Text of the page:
First, on the ground of diplomatic environment and commercial trade, the presence of South Sudan at the Arab League headquarters in Cairo as an observer will cascade smooth and better diplomatic ties between the entity and the Republic of South Sudan, though efficiency will have to be enacted by the individual state. But this will generate a firm-mutual understanding between South Sudan and each of the member state.If it’s time to apply but not at all, the observer status will allow free trade between each member state and South Sudan with yellow-to-green light influence from the AL secretariat in Cairo. It will also help the government of the Republic of South Sudan (if legitimate!) to exchange opinion, especially on the issues of terrorism and counterterrorism because as the matter of fact, most of the terrorists are and/or originate from the AL member states. This is to ensure trans-border security and safety management. Via Sudan, for instance. Again, the observer status will capacitate moderate Muslims of South Sudan to advise fellow Muslims in the AL member states to at least reduce the course of extreme radicalization which has been leading to series of atrocities and terror acts in many of the AL nations, even against fellow Muslims. They will also give their opinions on matters of concern in the larger Muslim community, of course through the AL.

Second, the observer status of South Sudan in the AL will help our government (if legitimate!) to lobby for more extensive cooperation and assistance in transforming our education, science, and technology system.This is due to the very reason that the standard of the education system of our country is at NO standard in the world’s contemporary history. School buildings are at NO stake comparison. When exist, classes are given under trees and pupils sit on the bare ground in the current age of rapid technology and renovation. From the historical perspective, the evolution of Science and the best system of education originated from the Middle East, where many of the AL nations comes from. Therefore, I believe a closer association with AL nations will add if not much but at least little to South Sudan nation-state building once the ongoing brutal conflict is resolved, especially in the ‘service delivery cluster’.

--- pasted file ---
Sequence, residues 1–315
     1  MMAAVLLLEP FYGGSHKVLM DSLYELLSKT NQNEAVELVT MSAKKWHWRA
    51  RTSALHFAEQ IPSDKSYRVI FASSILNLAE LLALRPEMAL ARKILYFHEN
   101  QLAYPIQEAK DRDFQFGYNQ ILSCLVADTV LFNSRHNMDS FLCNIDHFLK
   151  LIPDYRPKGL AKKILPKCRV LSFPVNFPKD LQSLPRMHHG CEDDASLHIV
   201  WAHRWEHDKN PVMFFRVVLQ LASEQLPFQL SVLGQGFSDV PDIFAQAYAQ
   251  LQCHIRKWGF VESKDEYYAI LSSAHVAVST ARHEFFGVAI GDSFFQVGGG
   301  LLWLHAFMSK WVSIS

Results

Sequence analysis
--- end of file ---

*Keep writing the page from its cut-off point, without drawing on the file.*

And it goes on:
Third, as a nation, having an observer status in the AL like the Americas. i.e. Brazil, Venezuela, and India will, for example, create social and intercultural linkages with our friends in the AL nations in the areas of arts, sports, and recreation. This can help South Sudan to promptly prosper and renovate in a faster rate in order to catch the tail of development like the rest of the developing world although corruption, tribalism, and lack of commitment, if not vigorously combated, will always eat us on the road.

Fourth, the timing of applying to the AL as the observer is inappropriate. South Sudan is currently and deeply plunged into the unpredictable conflict of interest. There are millions of refugees in the neighbouring countries and beyond. Hundreds of thousands of people are internally displaced. Every effort by the peace brokers to reach a binding agreement is almost paralysed by the ethnic-elitist groups. Specifically, those in Juba’s regime thinks once having peace and peaceful South Sudan will detach them from looting spree of the state resources and the enrichment-on-blood paradigm at the expense of innocent people will fade away. Thus, I believe we first need to have peace in our country and heart before applying to such grand organizations. One of the preconditions of the AL is a peace which our country is lacking!

The author can be reached at gatdietpeter86@outlook.com